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Abstract and Applied Analysis
Volume 2014 (2014), Article ID 312640, 12 pages
http://dx.doi.org/10.1155/2014/312640
Research Article

Portfolio Selection with Liability and Affine Interest Rate in the HARA Utility Framework

1School of Science, Tianjin Polytechnic University, Tianjin 300387, China
2School of Finance, Zhejiang University of Finance & Economics, Hangzhou 310018, China
3School of Electrical Engineering and Automation, Tianjin Polytechnic University, Tianjin 300387, China

Received 15 March 2014; Revised 18 May 2014; Accepted 27 May 2014; Published 17 June 2014

Academic Editor: Simone Marsiglio

Copyright © 2014 Hao Chang et al. This is an open access article distributed under the Creative Commons Attribution License, which permits unrestricted use, distribution, and reproduction in any medium, provided the original work is properly cited.

Abstract

This paper studied an asset and liability management problem with stochastic interest rate, where interest rate is assumed to be governed by an affine interest rate model, while liability process is driven by the drifted Brownian motion. The investors wish to look for an optimal investment strategy to maximize the expected utility of the terminal surplus under hyperbolic absolute risk aversion (HARA) utility function, which consists of power utility, exponential utility, and logarithm utility as special cases. By applying dynamic programming principle and Legendre transform, the explicit solutions for HARA utility are achieved successfully and some special cases are also discussed. Finally, a numerical example is provided to illustrate our results.

1. Introduction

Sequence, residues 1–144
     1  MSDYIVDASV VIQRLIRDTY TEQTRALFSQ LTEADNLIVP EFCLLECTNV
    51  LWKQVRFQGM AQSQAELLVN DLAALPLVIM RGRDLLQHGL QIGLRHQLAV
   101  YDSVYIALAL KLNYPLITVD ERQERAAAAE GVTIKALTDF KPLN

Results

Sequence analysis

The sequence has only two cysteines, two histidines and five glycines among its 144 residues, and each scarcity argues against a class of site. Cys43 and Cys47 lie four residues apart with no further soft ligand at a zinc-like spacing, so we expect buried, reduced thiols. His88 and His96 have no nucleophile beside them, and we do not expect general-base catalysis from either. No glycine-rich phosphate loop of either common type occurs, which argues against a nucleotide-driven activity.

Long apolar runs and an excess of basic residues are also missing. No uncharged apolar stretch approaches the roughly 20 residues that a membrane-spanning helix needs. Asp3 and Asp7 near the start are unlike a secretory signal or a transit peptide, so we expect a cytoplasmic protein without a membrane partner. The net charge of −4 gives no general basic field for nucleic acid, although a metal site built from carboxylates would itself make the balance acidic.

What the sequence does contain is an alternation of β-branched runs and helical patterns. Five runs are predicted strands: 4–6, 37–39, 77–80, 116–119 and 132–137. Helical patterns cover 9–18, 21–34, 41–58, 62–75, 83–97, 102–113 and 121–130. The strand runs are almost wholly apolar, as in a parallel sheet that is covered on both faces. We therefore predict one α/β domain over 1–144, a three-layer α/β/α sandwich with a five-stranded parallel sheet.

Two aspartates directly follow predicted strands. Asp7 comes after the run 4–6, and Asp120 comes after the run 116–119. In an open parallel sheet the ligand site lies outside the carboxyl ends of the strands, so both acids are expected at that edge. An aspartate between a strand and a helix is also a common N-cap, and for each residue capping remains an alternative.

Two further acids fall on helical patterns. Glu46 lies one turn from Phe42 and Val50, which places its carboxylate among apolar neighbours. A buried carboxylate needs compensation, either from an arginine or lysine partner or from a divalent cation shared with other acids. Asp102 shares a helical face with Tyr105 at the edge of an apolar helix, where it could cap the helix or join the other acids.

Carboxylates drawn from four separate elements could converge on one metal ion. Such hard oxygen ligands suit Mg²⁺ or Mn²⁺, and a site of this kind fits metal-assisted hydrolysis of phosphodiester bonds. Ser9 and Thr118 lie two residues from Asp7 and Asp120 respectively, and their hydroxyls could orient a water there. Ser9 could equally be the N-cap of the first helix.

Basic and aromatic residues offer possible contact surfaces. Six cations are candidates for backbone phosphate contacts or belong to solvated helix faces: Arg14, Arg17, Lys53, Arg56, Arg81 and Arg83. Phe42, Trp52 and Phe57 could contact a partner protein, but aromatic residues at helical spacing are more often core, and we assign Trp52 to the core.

In practice of investments, it is all well known that some investors or financial institutions are often confronted with liability factor. It is very clear that considering liability factor in the portfolio selection problems will be more practical. In recent years, portfolio selection problems with liability have inspired literally hundreds of extensions and applications. For example, Chiu and Li [1] supposed liability process to be driven by a geometric Brownian motion and studied the efficient strategy and the efficient frontier under mean-variance criterion. Xie et al. [2] studied a mean-variance model with random liability, which is assumed to be governed by the drifted Brownian motion. Zeng and Li [3] investigated a mean-variance model with a jump diffusion liability process. Chen et al. [4] studied the asset and liability management (ALM) problems with regime switching, which described the effect of the changes in macroeconomic conditions. Chiu and Wong [5] investigated an ALM problem under the assumption that risky assets were cointegrated. Those models studied the ALM problems with exogenous liabilities, which cannot be controlled. Along another line, the ALM problems with endogenous liabilities have been paid more and more attention nowadays. Being different from exogenous liabilities, endogenous liabilities can be controlled by various financial instruments and investors’ decisions. The interested readers can refer to the works of Leippold et al. [6] and Yao et al. [7].